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Santa Monica Pony Rides Lawsuit Decision Reversed on Appeal
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Harding, Larmore
Kutcher & Kozal, LLP

Convention and Visitors Bureau Santa Monica


By Jonathan Friedman
Associate Editor

May 11, 2016 -- In what Santa Monica resident Marcy Winograd called a victory for citizen activism, a California Court of Appeal panel ruled this week that the owner of a company providing pony rides could not sue Winograd for defamation because she is protected by free speech laws.

The ruling overturns a trial court decision from last year. Tawni Angel of Tawni’s Ponies and Petting Farm must pay Winograd’s attorney fees. The decision can be appealed further.

“This is great news for citizen activism, for the ruling affirms the right of ordinary people to petition their local government for legislative change,” Winograd told The Lookout.

She continued, “I'm thankful the Court did not allow this chilling lawsuit to go forward because lawsuits like this one can censor debate not just about animal cruelty but about anything controversial in the community -- such as development and land use.”

Angel told the Lookout she had to speak with her husband and attorney before deciding on whether to pursue further appeals.

“She has harmed my life for no reason at all,” Angel said. “I have been wrapped in a battle with Marcy in which she has been harassing me for several years, and it’s just been me trying to defend myself.

"I believe in what I do and I know I treat my animals well and bring a lot of happiness to a lot of families.”

Winograd led a campaign against the pony rides at the Main Street Farmers Market, saying the animals were being abused.

Among the people Winograd persuaded in her campaign were members of the Santa Monica City Council, who ended pony rides at the market in 2014 (“Pony Rides to be Replaced at Santa Monica Farmers Market,” September 11, 2014).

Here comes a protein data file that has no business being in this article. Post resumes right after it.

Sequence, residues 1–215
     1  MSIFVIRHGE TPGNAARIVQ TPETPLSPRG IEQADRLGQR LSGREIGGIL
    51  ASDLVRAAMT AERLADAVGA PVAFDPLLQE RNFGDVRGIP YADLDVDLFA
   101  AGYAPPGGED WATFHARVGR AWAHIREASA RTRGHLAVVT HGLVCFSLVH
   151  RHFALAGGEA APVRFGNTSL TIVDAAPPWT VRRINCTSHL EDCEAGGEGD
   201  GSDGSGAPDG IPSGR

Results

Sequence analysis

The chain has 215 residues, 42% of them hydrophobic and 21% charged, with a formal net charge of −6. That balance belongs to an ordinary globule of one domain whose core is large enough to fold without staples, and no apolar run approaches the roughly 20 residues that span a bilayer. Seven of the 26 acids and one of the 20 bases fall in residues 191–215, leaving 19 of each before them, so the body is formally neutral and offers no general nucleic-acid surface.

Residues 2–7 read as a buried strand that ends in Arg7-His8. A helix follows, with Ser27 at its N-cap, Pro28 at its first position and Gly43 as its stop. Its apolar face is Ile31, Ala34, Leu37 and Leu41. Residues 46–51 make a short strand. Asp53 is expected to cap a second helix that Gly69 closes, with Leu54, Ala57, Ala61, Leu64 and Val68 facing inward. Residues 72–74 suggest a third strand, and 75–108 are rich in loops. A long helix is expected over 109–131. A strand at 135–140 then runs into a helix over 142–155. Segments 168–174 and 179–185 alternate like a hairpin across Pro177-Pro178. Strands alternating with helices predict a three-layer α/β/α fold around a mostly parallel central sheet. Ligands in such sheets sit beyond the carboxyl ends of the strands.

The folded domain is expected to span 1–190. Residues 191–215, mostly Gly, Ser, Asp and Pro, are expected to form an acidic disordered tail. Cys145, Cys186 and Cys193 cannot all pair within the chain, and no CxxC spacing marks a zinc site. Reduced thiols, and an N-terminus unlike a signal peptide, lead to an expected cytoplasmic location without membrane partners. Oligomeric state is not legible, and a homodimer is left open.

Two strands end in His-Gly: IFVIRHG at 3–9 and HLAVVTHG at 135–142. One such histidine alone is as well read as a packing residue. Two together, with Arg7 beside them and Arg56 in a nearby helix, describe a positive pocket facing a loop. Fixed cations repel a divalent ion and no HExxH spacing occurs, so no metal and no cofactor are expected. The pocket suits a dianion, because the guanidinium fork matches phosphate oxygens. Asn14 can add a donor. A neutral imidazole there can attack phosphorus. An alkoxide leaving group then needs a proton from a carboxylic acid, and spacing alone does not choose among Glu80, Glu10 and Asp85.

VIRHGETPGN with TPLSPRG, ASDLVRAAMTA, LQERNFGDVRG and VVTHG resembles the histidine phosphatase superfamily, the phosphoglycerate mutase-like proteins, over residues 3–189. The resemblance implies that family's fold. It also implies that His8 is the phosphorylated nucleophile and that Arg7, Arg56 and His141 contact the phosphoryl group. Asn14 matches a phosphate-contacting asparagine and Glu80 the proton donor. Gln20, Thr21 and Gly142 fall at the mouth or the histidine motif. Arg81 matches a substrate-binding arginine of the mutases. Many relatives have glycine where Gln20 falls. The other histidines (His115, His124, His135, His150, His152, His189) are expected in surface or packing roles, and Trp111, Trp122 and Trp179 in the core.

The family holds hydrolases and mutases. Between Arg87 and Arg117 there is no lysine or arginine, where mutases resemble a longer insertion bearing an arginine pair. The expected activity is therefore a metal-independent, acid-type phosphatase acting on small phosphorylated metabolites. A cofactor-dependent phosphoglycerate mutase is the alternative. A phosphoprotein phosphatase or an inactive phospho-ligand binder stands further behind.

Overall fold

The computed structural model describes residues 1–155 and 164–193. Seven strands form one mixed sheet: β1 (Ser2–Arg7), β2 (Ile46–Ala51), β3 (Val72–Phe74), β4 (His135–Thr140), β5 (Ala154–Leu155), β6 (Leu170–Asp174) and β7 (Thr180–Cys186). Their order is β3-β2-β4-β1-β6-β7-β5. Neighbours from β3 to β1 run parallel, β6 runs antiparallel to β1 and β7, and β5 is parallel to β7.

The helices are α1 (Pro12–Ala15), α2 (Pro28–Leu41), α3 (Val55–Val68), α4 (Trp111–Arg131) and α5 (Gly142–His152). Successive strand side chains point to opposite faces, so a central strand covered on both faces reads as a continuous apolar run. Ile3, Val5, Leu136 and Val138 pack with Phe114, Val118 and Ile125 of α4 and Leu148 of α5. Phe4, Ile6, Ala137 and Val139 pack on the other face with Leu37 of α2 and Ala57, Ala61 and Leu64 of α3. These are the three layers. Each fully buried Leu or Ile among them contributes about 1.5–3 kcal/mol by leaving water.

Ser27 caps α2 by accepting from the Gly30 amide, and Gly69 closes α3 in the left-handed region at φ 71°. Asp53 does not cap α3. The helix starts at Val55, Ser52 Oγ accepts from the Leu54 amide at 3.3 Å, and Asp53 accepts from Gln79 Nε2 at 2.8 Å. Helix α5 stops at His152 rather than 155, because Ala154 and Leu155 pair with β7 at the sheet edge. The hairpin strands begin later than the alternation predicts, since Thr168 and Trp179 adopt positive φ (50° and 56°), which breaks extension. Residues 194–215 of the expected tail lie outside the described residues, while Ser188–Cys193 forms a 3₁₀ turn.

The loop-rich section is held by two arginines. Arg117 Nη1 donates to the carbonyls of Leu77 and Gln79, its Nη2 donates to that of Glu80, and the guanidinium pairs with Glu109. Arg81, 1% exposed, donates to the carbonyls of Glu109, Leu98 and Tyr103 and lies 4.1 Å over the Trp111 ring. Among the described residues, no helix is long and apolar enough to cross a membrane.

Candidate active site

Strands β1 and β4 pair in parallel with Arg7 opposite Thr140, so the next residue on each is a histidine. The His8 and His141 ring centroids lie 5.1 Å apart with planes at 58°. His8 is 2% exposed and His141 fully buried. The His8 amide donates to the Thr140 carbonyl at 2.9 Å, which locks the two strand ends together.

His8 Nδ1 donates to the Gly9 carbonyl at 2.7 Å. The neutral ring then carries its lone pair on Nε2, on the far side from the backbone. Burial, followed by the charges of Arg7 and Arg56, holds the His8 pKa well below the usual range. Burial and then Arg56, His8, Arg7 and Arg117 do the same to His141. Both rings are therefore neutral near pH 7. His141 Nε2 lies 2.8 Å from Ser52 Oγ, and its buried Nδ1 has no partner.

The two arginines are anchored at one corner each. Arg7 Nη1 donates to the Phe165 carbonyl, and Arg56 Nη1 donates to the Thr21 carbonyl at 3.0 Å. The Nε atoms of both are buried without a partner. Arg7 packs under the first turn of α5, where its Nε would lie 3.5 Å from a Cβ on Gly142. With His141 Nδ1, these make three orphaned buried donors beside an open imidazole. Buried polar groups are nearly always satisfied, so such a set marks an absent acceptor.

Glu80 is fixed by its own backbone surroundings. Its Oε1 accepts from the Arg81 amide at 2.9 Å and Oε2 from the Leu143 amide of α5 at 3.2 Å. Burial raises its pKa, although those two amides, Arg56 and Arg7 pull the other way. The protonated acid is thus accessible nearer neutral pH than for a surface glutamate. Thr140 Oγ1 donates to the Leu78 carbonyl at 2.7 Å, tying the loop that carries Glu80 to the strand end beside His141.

Angel and her husband Jason Nester filed a lawsuit against Winograd and 20 unnamed defendants later that year, accusing them of “intentional interference with prospective economic advantage” and “intentional infliction of emotional distress.”

Winograd responded with an anti-SLAPP (strategic lawsuits against public participation) motion, which is used by activists who believe they are being sued to silence them (“Santa Monica Pony Ride Owners Sue Protesters,” November 12, 2014).

Los Angeles Superior Court Judge Lisa Hart-Cole ruled in January 2015 that Winograd was not protected against a lawsuit (“Owner of Santa Monica Pony Rides Scores Legal Victory,” January 28, 2015).

The three-judge panel from the Second Appellate District determined in overturning the ruling that Winograd was protected because of “legislative privilege,” meaning the statements she made were allowed because they were in pursuit of getting the Santa Monica City Council to ban pony rides.

“The statements in these articles, post, and television interview relate to the supposed poor treatment the pony ride and petting zoo animals received, and either directly or inferentially solicited public support for defendant’s petition to cause the City of Santa Monica to take action to end the pony ride and petting zoo,” Judge Sanjay Kumar wrote in the opinion.

The opinion, signed by Judges Lamar Baker and Paul Turner, continued, “Accordingly, they fell within the broad construction of the legislative privilege.”

Angel has rejected Winograd’s claim that her ponies are abused and said she has lost a substantial amount of business because of Winograd's actions since she no longer picks up clients for children’s parties and other activities through meeting people at the market.

“The amount of stress she’s put on my life is tremendous,” Angel said. “I have been lucky to be able to stay in business.”

She added, “Marcy did this because she said she wanted to save my animals, but we’re having to work 10 times harder just to make a portion of the money we made before so that we can feed them and maintain the level of care for our animals that they need.”

The Lookout asked Winograd about this statement, and she said Angel was entitled to her opinion, but “she felt she had to try to chill and stifle my opinions.”

“It is regrettable that Ms. Angel and Mr. Nestor chose to file a SLAPP suit, which may ultimately cost them a lot of money,” Winograd said. “The decision to sue was theirs and I can only assume someone with legal expertise informed them of the possible adverse consequences.”

She added, “My objective was to end the animal exhibits because I thought they were cruel, not to personally harm anyone. Ms. Angel and Mr. Nestor's lawsuit was less than pleasant for me, my family and friends, and certainly inflicted harm on me and my loved ones.”

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